Dry farming isn't a new concept, but it has taken on renewed significance in the last decade. Plants can’t talk. But any gardener knows that if you listen and pay attention, your plants will tell you what they need. Brown sunburned spots on the leaves say it’s getting too much sun. A lemony yellow tinge can mean too much water. A droopy stem is a plant’s way of saying “I’m thirsty.”
Each vintage has its own personality and is remembered for different things. From heavy rains to heat, and wildfires to earthquakes, responding to each year’s challenges often defines what goes into the bottle. The 2016 vintage, however, can be characterized by some of the most consistent weather we’ve had in California for years.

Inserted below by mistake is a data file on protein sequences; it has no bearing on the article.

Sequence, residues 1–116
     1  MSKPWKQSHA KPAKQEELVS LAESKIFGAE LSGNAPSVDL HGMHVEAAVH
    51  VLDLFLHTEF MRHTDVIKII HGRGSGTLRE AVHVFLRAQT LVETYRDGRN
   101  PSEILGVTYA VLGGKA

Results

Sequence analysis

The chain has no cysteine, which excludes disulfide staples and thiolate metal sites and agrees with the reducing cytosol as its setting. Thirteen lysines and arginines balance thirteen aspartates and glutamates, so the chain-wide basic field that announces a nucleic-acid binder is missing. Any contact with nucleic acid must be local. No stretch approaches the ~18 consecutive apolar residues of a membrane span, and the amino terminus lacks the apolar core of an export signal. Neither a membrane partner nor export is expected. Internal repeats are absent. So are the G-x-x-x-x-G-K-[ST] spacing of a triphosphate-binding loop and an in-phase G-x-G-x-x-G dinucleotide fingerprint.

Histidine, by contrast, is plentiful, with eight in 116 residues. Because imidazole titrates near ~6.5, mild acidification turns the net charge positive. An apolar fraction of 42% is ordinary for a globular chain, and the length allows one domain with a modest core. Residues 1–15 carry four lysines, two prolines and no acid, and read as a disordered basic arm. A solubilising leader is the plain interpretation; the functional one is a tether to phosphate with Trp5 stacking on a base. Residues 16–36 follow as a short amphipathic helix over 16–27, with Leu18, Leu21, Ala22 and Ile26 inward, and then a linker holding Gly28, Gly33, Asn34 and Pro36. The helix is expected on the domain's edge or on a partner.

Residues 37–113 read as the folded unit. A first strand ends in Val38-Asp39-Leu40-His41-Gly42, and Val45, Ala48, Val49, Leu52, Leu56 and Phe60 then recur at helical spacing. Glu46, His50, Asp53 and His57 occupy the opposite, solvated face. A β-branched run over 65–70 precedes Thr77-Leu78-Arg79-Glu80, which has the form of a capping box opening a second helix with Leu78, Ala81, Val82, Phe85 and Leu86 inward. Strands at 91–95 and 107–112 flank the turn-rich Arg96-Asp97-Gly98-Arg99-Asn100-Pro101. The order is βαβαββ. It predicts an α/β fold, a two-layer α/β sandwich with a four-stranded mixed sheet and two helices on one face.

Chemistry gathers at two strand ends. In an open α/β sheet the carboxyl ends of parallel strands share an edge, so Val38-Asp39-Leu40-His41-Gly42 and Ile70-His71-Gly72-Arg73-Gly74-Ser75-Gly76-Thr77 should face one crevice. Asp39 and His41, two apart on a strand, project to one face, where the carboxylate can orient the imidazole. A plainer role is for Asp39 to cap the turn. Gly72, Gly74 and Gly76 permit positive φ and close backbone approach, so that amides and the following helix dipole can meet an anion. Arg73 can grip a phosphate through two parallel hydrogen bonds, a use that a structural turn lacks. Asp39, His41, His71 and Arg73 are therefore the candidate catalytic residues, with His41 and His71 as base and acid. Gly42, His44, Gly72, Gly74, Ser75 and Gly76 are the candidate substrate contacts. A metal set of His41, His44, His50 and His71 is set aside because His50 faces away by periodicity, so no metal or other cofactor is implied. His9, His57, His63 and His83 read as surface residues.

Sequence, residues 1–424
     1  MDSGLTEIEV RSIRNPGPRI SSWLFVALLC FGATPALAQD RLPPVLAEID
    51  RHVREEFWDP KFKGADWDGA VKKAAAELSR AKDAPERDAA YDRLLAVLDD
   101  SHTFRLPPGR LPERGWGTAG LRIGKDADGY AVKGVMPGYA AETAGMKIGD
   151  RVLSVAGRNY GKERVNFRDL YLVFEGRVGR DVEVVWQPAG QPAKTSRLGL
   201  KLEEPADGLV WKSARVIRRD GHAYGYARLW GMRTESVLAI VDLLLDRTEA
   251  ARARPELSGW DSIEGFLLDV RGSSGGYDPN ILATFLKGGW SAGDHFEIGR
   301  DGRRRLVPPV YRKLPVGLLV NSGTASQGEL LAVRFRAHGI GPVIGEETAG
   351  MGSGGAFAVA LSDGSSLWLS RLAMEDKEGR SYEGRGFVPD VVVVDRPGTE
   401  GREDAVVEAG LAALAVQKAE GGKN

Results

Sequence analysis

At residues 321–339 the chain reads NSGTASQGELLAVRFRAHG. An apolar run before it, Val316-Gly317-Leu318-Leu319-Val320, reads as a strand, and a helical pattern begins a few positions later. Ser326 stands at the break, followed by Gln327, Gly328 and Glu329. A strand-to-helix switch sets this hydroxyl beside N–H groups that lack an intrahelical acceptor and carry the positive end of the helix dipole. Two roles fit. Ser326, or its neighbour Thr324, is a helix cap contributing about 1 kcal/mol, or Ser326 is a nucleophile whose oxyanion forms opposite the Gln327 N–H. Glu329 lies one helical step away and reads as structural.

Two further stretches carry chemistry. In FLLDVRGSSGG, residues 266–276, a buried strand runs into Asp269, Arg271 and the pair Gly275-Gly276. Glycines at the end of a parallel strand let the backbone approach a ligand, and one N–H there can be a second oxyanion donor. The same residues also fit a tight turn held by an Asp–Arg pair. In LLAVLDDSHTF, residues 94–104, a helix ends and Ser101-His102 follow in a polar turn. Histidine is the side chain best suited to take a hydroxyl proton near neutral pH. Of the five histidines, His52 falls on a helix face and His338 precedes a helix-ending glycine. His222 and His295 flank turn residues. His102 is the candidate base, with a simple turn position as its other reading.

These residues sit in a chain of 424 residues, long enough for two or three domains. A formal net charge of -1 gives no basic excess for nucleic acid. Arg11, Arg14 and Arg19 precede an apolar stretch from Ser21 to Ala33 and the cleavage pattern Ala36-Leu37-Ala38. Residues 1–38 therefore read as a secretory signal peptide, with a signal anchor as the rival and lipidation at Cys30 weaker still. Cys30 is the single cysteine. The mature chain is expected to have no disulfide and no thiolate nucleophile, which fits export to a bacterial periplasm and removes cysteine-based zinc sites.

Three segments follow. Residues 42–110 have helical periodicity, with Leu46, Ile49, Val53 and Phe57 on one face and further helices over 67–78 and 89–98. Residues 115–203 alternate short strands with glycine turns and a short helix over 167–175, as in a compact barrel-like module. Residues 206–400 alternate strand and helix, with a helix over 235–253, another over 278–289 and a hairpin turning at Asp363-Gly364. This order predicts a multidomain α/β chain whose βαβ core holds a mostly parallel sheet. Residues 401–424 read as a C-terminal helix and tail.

It’s close to a month before we expect to see the first grapes, and I’m still trying to answer the question, “How is this year’s harvest looking?” The growing season got started with the long anticipated El Niño rains, which certainly helped replenish the reservoirs and ground water after four consecutive dry years.
The hills are green and the vineyards are striped with yellow mustard here in Sonoma County, thanks to the early (and welcomed) El Niño rains. Although there’s still a long road ahead to complete drought relief, we are starting off the 2016 growing season with flowing streams and replenished soils.